On the first day of the OpenWorld conference, Oracle is rolling out Blockchain Cloud Service, helping the tech giant catch up with competitors like Microsoft and IBM.
Why would you want to use blockchain to build a database solution? And how would you actually do that?
A blockchain, the technology behind the cryptocurrency Bitcoin, is a shared, distributed ledger that can store complete transaction histories. It has a variety of use cases for enterprises that want to rely on tamper-proof transactions to create new revenue streams or improve business operations.
Once a customer subscribes to Oracle’s Blockchain Cloud Service, which is part of the Oracle Cloud Platform, they can use the platform to build a blockchain network and then let Oracle manage the network infrastructure. Customers can then build their own smart contracts and applications on top of the network.
Oracle is promising “most comprehensive and enterprise grade blockchain service platform,” Frank Xiong, Group VP of Blockchain Cloud Service, said to ZDNet, meaning it should be highly scalable, highly secure, and easy to integrate with existing applications.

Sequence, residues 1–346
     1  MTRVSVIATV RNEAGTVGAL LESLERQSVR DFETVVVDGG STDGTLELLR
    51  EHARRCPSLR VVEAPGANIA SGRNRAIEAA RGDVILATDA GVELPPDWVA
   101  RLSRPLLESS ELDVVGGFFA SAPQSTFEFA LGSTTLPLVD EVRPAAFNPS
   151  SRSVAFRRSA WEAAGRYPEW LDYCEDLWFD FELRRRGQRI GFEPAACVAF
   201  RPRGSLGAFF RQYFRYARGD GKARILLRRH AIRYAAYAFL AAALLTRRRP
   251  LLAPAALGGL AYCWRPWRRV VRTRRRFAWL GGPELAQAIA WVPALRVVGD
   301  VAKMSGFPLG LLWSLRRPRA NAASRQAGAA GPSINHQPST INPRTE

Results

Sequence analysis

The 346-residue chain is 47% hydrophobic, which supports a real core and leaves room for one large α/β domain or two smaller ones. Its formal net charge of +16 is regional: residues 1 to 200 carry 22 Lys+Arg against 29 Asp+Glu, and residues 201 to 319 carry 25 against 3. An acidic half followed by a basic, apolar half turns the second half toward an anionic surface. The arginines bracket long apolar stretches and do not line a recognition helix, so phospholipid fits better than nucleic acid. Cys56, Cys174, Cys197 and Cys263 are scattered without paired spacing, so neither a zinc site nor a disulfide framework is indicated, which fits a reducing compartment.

Microsoft has been offering blockchain-as-a-service since 2015 and more recently introduced Enterprise Smart Contracts to make it easier for customers to use. Oracle maintains its blockchain cloud service will stand out in part by offering customers a way to seamlessly adopt it. Blockchain adoption will not happen overnight, Xiong said.
“We believe there will be a transition period of time… blockchain will be integrated with existing applications, whether in cloud or on premise,” he said. “You don’t need to switch everything overnight, but can move to this new disruptive technology gradually.”
Oracle is also stressing the ability for enterprises to use the Blockchain Cloud Service to move operations beyond their own internal ecosystem by sharing data and monitoring transactions within and outside of the Oracle Cloud. Using REST APIs and Oracle’s API management service, customers can invoke blockchain services directly or with pre-built integrations from Oracle Cloud. Oracle also recently joined Hyperledger, enabling customers to add value on top of the open source effort.